Supporters of wellness programs may claim there are many factors that contribute to wellness: living in a clean environment, eating healthy food, regular physical exercise, balance in career; family; and relationships, spiritual awareness and some programs include faith-based worship. Faith-based wellness programs may suggest a spiritual component in their models, however, it would be opposition to most secular wellness programs which tend to be inclusive any individual's spiritual beliefs or practices. Working toward a deeper understanding of these issues and the underlying causes of both physiological and psychological disorders are such innovators as Dr. Christopher Jackson (A Path to Wellness), Dr. Bruce Lipton, and Dr. Wayne Dyer.

Some other well known wellness promoters are Deepak Chopra, Michael Roizen, Mehmet Oz, Don B. Ardell, John Travis, David F. Duncan, Mahendra Trivedi and Andrew Weil.

Secular-based programs

The aging population participates in wellness programs in order to feel better and have more energy. Wellness programs allow individuals to take increased responsibility for their health behaviors. People often enroll in a private wellness program to improve fitness, stop smoking, or to learn how to manage their weight.

Workplace wellness programs are recognized by more and more companies for their value in improving health and well-being of their employees. They are part of a company's health and safety program. In a study conducted by RAND Health and sponsored by the U.S. Department of Labor, researchers found that approximately half of U.S. employers offer “wellness promotion initiatives”. However, participation is spotty, as the study also showed that only 46 percent of employees who have access to a program undergo clinical screening and/or complete an HRA (Health Risk Assessment).[3] These wellness programs are designed not only to improve employee morale, loyalty, and productivity, but also to lower health insurance costs, medical bills, and other employee compensation costs. They could consist of as little as a gym full of exercise equipment that is available to their employees on company property during the workday, but they may also cover smoking cessation programs, nutrition; weight; or stress management training, nature and outdoors activities, health risk assessments, and health screenings.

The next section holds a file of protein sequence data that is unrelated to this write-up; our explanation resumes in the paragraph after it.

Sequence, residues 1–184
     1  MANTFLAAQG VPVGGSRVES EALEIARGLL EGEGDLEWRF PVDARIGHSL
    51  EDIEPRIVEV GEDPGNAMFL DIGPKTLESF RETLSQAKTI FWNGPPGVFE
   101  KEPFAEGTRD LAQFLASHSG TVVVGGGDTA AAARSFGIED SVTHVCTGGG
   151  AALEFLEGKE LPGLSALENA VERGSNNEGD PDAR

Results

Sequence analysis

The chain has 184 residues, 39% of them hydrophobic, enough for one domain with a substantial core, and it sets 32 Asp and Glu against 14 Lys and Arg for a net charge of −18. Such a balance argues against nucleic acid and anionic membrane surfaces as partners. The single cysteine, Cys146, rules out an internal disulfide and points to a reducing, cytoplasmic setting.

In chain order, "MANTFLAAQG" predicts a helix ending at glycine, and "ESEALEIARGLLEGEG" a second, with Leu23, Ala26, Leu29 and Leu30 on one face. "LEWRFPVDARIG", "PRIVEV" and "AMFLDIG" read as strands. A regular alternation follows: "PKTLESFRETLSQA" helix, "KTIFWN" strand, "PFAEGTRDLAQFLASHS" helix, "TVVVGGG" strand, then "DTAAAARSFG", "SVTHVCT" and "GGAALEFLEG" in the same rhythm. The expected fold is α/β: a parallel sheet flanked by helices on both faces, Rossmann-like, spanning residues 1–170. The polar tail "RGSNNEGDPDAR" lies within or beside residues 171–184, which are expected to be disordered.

Faith-based programs

Religious organizations often provide food, shelter, clothing, childcare and senior services in the community. Faith-based wellness ministries are simply wellness programs sponsored by the faith-based community, which are similar to those offered by others, but generally also focus on the spiritual, New Age and religious aspects of wellness from the perspective of a particular faith. Here, wellness is viewed as a quest for spiritual wholeness. Robert H. Schuller's be happy Beatitudes, for example, expounds upon the New Testament and presents eight positive principles for fulfillment. New Age guru Deepak Chopra, author of more than 40 books on spirituality and health, offers an alternative and New Age spirituality perspective to wellness.


  1. Zimmer, Ben (2010-04-16). "Wellness". The New York Times.<templatestyles src="Module:Citation/CS1/styles.css"></templatestyles>
  2. Kirkland, Anna. "What Is Wellness Now?". Journal Of Health Politics & Law.<templatestyles src="Module:Citation/CS1/styles.css"></templatestyles>
  3. http://www.dol.gov/ebsa/pdf/workplacewellnessstudyfinal.pdf